Can topical caffeine help reduce eye area puffiness?
The scientific evidence for this benefit is soft at best. In one study, 3% caffeine was combined with vitamin K and emu oil and showed promise. It is far from a conclusive study on the benefits of caffeine however. Theoretically, caffeine is known to both constrict capillaries and increase overall skin blood flow, two circulatory effects that could enhance the appearance of the eye area. Plus, people have used cool tea bag soaks for years to reduce puffy eyes. But, another study using caffeine 3% gel failed to demonstrate results.
I think the theoretical scientific concepts for select ingredients such as caffeine hold promise for the eye area. My Advanced Corrective Eye Cream includes caffeine along with retinol, hyaluronic acid, niacinamide, green tea EGCG polyphenol antioxidants and vitamins A, C, E and K. This area of skin is highly absorbent and very prone to appearance issues and I think the potential benefits are worth the effort.
Does caffeine fight cellulite?
From a purely scientific perspective one could hope because caffeine theoretically has been shown in the lab to increase lipolysis (fat breakdown) by inhibiting the activity of phosphodiesterase. Unfortunately, this does not seem to translate to real use scenarios. I have not been impressed by studies using topical caffeine cream to reduce cellulite nor have I seen it work when tried by my patients.
What are the side effects of caffeine in skin care?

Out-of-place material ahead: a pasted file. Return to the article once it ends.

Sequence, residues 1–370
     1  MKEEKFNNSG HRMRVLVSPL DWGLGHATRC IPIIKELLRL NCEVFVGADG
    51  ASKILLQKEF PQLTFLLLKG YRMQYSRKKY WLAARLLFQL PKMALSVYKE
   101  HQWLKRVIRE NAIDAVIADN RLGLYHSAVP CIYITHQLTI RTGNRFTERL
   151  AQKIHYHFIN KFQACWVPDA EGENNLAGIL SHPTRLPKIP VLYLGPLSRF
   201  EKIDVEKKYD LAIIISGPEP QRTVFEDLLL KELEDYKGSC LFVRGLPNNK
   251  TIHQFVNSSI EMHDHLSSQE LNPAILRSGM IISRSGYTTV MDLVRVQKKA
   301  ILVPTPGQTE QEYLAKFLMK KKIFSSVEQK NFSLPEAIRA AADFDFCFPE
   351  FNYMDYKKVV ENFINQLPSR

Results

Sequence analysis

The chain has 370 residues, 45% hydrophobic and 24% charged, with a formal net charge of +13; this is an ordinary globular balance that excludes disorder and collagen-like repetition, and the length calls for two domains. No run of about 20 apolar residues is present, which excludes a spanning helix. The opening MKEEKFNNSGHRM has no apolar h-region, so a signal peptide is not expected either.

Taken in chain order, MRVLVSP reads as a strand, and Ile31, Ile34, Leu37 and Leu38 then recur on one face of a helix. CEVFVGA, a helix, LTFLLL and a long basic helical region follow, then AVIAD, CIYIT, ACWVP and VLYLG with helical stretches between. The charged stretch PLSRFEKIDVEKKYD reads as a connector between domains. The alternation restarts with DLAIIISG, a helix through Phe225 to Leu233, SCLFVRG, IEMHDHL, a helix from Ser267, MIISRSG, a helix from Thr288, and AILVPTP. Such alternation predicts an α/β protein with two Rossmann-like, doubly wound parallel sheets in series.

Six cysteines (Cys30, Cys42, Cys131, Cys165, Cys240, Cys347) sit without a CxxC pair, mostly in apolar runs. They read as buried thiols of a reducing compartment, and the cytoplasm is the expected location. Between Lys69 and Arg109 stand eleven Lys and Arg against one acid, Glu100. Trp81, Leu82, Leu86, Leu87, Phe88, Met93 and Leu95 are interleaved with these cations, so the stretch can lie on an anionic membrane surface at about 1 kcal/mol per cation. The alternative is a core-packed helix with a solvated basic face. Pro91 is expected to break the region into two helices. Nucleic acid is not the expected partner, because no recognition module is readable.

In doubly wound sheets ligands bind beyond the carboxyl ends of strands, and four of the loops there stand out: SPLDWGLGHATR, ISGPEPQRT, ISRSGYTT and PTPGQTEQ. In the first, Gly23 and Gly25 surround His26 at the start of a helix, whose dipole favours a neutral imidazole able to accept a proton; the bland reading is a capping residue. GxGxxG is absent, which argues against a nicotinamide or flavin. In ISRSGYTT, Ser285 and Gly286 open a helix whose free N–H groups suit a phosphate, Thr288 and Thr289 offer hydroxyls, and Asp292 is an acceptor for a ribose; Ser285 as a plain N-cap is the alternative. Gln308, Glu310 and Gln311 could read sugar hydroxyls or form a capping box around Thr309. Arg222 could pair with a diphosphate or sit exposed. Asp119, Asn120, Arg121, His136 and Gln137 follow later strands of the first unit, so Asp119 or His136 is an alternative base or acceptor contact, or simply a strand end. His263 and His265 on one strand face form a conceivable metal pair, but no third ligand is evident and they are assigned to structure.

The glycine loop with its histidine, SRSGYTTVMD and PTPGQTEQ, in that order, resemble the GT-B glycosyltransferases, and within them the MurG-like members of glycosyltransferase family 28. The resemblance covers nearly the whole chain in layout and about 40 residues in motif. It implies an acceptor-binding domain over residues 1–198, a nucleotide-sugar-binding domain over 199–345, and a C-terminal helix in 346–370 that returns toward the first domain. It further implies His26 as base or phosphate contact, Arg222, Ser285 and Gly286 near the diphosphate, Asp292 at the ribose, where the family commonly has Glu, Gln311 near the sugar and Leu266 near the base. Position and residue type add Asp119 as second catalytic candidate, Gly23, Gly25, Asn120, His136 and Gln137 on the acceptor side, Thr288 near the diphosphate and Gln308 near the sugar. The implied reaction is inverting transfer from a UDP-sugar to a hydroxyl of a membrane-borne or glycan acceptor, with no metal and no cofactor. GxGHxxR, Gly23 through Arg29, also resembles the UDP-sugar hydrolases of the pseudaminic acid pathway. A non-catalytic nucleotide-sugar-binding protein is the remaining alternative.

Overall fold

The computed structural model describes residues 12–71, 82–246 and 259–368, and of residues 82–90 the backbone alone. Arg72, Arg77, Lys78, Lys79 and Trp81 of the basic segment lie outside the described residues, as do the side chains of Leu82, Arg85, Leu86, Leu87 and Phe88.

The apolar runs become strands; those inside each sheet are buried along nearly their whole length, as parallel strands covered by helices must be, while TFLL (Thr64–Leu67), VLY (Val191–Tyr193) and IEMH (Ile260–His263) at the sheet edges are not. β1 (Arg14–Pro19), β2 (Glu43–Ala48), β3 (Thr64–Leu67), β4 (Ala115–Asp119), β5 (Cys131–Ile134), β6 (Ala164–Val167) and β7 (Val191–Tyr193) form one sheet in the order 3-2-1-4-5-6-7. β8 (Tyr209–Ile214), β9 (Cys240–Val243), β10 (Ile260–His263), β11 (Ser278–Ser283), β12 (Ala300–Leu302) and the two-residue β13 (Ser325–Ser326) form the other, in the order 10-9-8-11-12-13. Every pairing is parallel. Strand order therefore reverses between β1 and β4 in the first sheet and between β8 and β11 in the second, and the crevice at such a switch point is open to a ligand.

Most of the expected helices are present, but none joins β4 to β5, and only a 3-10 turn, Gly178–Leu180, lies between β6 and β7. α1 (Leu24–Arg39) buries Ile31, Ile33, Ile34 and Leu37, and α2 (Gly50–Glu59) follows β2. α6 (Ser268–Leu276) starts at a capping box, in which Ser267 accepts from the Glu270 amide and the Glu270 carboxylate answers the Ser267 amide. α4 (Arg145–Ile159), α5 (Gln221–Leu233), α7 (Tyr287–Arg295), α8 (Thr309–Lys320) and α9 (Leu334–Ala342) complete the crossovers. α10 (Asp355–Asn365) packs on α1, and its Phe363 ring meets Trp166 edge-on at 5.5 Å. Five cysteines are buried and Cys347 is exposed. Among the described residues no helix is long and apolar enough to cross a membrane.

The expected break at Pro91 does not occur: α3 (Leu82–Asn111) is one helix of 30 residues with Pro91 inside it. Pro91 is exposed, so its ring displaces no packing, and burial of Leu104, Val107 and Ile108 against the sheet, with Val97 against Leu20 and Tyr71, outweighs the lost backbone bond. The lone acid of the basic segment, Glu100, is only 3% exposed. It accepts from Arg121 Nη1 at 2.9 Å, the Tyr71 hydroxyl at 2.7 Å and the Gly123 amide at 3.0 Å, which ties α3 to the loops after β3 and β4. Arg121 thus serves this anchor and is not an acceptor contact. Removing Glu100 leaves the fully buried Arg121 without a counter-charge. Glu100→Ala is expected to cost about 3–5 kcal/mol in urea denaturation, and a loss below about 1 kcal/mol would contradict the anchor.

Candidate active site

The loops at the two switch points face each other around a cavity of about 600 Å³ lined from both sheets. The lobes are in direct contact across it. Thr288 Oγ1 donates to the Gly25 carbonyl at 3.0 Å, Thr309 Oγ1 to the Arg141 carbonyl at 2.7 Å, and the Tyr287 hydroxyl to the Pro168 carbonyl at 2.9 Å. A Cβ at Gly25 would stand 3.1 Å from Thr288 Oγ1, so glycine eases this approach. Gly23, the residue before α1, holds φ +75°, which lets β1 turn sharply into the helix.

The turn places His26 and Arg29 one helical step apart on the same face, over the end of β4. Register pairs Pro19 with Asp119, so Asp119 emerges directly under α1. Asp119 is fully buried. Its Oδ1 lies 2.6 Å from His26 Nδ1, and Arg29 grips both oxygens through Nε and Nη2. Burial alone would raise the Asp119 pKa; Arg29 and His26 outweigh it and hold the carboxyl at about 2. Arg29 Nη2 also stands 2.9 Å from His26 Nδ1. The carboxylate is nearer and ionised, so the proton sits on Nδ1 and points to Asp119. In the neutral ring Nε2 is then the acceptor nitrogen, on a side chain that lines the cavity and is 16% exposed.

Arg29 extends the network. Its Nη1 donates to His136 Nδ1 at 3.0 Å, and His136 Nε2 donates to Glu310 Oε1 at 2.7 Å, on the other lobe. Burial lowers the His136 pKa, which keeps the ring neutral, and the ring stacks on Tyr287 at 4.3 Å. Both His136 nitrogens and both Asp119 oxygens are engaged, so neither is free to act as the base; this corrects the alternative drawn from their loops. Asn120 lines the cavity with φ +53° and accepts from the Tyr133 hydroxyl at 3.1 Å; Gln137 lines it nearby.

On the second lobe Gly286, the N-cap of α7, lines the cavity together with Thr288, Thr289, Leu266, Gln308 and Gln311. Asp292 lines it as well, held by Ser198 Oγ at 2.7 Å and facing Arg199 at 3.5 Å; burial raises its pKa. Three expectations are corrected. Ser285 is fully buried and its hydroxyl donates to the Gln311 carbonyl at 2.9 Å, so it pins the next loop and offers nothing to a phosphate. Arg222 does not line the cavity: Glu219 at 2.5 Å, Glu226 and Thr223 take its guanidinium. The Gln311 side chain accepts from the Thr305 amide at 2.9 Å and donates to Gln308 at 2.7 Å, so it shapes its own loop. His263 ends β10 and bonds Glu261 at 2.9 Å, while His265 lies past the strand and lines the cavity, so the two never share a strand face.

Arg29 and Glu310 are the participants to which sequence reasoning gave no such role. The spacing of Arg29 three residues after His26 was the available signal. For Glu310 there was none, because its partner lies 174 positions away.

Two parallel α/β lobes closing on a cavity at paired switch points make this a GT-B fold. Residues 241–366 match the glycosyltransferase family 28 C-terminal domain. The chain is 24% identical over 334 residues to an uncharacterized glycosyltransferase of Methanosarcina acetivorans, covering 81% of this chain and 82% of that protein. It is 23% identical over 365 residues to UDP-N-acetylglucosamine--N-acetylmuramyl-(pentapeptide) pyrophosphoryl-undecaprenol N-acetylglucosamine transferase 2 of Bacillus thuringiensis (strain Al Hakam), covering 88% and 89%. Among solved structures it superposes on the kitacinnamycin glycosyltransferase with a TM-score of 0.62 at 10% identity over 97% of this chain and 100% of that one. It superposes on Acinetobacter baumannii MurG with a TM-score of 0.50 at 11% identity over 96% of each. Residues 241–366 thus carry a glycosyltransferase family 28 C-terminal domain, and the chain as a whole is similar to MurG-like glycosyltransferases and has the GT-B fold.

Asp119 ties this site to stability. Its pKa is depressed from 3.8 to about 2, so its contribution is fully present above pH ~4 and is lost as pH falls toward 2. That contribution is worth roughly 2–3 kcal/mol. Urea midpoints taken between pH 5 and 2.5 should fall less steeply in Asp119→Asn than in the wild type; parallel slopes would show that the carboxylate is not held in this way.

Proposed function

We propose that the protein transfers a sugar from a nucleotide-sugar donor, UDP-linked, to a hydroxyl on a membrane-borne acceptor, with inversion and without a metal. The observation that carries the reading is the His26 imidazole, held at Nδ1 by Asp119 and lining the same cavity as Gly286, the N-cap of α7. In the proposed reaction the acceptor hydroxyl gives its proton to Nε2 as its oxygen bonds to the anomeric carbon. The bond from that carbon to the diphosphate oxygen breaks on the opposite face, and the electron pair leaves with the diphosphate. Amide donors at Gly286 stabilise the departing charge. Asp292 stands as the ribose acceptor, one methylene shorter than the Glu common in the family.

Caffeine in skin care is considered well tolerated. It is not an allergen nor irritant. When ingested in excess, it can cause heart arrhythmias, agitation and sleep disturbances.
The bottom line for the benefits of caffeine in your skin care products from the dermatologist:
I recommend skin care products that have caffeine combined with green tea EGCG polyphenols as a key part of a skin care routine aimed to improve:
- head and neck skin cancer risk reduction,
- facial skin aging,
- acne, and
- rosacea, seborrhea and facial redness from skin sun damage.
I still think there is potential benefit for eye area puffiness. Though the scientific evidence is lagging, it certainly won't hurt this often troubling and highly absorbent area of skin when combined in a product with other beneficial ingredients.
Sadly, caffeine products for cellulite don't seem to work - darn!
Most commercial results-oriented caffeine skin care products are formulated with around 3% caffeine and I don't recommend applying caffeine products to large body surface areas.
Li YF, Ouyang SH, Tu LF, et al. Caffeine Protects Skin from Oxidative Stress-Induced Senescence through the Activation of Autophagy. Theranostics. 2018;8(20):5713-5730. Published 2018 Nov 10. doi:10.7150/thno.28778
Herman A, Herman AP. Caffeine's mechanisms of action and its cosmetic use. Skin Pharmacol Physiol. 2013;26(1):8-14. doi: 10.1159/000343174. Epub 2012 Oct 11. PMID: 23075568.
Lu YP, Lou YR, Xie JG, Peng QY, Liao J, Yang CS, Huang MT, Conney AH. Topical applications of caffeine or (-)-epigallocatechin gallate (EGCG) inhibit carcinogenesis and selectively increase apoptosis in UVB-induced skin tumors in mice. Proc Natl Acad Sci U S A. 2002 Sep 17;99(19):12455-60. doi: 10.1073/pnas.182429899. Epub 2002 Aug 30. PMID: 12205293; PMCID: PMC129466.
Stallings Alison F, Lupo, Mary P., Practical Uses of Botanicals in Skin Care, J Clin Aesthet Dermatol. 2009 Jan;2(1): 36-40. https://www.ncbi.nlm.nih.gov/pmc/articles/PMC2958188/